NEW ORLEANS — By the time the novel coronavirus had swept through the Southeast Louisiana War Veterans Home in Reserve, it was too late for roommates Berlin Hebert Jr. and Ras Deakles. They both contracted the virus.
In early April 2020, died one day apart.
The Deakles family said they learned COVID was an issue inside the nursing home when they brought Raz’s granddaughter for a visit and were turned away, told by the staff they were on lockdown.
But when they talked to Ras on the phone and saw pictures of him on the home’s website mingling with other residents, they felt a false sense of assurance.
“We just had no idea that it was that bad in there,” said Sue Deakles, Raz’s widow.
Hebert said he called the home constantly out of concerns for his father.
“I asked the nurse, 'Is there any reason for me to be concerned that my father's been exposed?' And day after day, I was told no, he's safe,” Hebert said.
But the virus proved to be lethal inside the Southeast War Veterans Home, as it did throughout Louisiana's nursing homes, accounting for more than 40 percent of the state's COVID deaths in 2020.
Records show that in the first two months, the virus claimed at least 28 lives in inside the Southeast Veteran's 144-bed facility. The total at the home is now closer to 50, according to Donald Hodge Jr., the Baton Rouge attorney representing both families.
Hebert was a tattooed motorcycle enthusiast who lost a leg in Vietnam. A loner, according to his family, who rarely left his room.
Deakles, by contrast, was an outgoing and deeply religious Army man, a regular at bingo and other activities at the home.
But this odd couple became close friends, and they were among the state's first nursing homes deaths. Now their families have filed the state's two medical malpractice lawsuits related to COVID deaths at nursing homes.
“The medical review board found a breach in standard of care. And they also found gross negligence,” Sue Deakles said.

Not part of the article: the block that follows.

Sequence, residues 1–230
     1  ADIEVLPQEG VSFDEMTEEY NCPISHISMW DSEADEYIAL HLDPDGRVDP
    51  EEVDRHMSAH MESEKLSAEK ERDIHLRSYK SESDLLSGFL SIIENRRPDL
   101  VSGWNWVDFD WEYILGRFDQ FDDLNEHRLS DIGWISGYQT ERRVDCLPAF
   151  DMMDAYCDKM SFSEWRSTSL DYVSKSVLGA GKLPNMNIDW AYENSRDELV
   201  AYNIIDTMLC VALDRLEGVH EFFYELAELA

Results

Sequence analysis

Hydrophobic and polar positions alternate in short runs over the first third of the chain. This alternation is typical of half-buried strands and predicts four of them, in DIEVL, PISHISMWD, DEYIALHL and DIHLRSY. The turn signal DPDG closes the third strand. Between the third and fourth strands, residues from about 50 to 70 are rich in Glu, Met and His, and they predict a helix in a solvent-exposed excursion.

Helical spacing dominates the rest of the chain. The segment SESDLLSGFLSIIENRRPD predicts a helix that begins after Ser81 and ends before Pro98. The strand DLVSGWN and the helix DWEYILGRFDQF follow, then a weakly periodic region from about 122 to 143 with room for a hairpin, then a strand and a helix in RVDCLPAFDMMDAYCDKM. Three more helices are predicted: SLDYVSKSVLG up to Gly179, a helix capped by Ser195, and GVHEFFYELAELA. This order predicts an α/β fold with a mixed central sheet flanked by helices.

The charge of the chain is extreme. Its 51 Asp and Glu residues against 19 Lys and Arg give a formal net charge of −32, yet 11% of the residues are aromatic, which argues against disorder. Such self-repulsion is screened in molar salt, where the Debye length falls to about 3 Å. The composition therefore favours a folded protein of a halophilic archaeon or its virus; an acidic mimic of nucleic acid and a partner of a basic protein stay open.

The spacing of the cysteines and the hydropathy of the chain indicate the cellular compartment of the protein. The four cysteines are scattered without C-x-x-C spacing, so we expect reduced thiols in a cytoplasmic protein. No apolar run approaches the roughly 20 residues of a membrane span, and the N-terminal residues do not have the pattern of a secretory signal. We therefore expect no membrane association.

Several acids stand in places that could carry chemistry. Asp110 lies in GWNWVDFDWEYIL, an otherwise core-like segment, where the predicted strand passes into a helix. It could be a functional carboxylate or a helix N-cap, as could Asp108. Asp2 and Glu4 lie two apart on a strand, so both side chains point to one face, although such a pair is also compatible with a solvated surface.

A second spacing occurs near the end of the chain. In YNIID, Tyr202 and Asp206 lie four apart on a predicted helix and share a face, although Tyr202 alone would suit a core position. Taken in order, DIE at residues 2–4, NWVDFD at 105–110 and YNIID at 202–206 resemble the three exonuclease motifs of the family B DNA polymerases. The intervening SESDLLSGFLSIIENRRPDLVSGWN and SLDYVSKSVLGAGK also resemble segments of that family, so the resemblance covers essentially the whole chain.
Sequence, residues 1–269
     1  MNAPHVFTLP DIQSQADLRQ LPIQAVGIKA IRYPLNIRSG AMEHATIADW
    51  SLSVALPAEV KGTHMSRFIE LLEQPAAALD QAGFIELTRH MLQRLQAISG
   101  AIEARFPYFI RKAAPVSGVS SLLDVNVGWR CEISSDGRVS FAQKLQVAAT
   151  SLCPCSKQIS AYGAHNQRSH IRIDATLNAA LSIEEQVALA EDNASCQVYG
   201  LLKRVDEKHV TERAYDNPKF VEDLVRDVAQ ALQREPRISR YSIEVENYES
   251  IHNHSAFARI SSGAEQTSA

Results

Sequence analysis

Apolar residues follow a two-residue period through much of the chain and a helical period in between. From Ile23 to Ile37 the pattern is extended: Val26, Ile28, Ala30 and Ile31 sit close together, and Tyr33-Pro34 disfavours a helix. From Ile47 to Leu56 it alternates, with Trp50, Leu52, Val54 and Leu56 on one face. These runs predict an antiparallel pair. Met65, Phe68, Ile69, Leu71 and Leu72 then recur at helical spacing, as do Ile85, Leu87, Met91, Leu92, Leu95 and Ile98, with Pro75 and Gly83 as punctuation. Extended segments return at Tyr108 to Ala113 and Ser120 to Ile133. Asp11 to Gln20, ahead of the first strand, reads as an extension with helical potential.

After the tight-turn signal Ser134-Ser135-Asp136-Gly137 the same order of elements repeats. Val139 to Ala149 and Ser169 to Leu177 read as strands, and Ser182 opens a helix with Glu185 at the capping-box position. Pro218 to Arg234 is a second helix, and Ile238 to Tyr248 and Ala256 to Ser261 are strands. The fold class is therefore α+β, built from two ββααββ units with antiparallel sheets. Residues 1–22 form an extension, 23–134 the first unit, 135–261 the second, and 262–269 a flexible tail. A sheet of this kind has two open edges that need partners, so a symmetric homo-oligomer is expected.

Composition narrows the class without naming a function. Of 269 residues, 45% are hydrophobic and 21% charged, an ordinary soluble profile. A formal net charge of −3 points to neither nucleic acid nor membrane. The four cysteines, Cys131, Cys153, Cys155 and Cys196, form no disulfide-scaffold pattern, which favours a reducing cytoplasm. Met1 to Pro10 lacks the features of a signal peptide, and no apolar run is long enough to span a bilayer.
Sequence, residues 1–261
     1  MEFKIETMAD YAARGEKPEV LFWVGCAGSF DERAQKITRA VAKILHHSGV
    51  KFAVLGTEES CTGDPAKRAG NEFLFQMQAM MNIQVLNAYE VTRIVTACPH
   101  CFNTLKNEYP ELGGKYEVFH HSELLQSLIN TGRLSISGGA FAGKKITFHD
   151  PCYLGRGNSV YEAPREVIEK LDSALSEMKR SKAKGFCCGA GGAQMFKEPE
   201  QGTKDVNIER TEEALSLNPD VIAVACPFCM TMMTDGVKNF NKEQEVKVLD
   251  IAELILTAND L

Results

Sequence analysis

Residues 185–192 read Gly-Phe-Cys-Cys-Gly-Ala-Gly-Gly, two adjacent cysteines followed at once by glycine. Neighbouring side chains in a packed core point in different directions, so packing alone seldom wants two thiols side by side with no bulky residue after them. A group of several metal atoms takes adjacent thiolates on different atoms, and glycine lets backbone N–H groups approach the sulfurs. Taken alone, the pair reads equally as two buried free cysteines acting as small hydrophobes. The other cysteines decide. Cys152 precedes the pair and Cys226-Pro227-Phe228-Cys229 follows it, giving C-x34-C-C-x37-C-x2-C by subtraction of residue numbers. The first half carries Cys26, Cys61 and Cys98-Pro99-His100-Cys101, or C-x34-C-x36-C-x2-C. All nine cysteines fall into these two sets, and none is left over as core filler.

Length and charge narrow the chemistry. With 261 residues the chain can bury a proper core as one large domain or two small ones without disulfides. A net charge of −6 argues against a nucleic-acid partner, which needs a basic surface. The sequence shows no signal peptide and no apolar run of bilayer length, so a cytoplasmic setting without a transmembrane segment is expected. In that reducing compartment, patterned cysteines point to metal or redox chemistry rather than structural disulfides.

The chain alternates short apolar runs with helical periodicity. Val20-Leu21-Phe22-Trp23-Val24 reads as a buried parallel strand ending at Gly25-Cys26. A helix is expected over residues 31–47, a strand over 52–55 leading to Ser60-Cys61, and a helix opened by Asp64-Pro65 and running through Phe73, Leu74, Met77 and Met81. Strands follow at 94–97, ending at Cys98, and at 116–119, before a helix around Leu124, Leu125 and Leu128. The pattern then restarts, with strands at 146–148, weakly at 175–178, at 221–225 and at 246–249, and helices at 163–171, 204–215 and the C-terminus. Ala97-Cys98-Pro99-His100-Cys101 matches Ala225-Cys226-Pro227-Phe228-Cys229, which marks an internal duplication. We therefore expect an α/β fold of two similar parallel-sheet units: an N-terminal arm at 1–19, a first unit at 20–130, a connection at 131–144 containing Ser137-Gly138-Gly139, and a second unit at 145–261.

In Hebert's case a review panel found straight negligence, a slightly lesser ruling but still very rare given the steep hurdles to filing a medical malpractice claim in Louisiana. A medical board of three doctors must first determine negligence, something that happens in only about seven percent of claims. Beating those odds, the Hebert and Deakles lawsuits were filed this week.
“I felt vindicated. I wanted to cry,” Hebert said about his reaction to the medical panel’s finding.
“We want somebody to be held liable for what they did. Because we don't want it to happen to anybody else,” said Valerie Deakles Willman, Raz’s daughter.
In nearly identical lawsuits filed by Hodge, the families claim that Southeastern was allowing residents to congregate even after the governor ordered restrictions.
Photos of the residents mingling without mask were first published by WWL-TV in its investigative series “Standard of Care” about the high rate of nursing homes infections and deaths from COVID. Those photos are now exhibits in the lawsuits.
“There was just no possible way my dad contracted this through his own actions,” Hebert said.
“They were taking pictures of my dad playing bingo and things like that,” Willman said. “Absolutely, no doubt about it. My dad should still be here.”
The attorney has requested that the judge expand the lawsuit to a class action to cover other Southeastern patients who lost their lives.
We reached out to the veteran's home, which is run by the state, and received this written response:
“Our staff provided excellent care to the veterans living at the Southeast Louisiana Veterans Home during an unprecedented and difficult time. We are
aware of these lawsuits; however, we cannot provide further comment at this time on this pending litigation.”
The Louisiana Attorney General’s office is expected to represent the state-run home, but they have not yet filed a response to the lawsuits.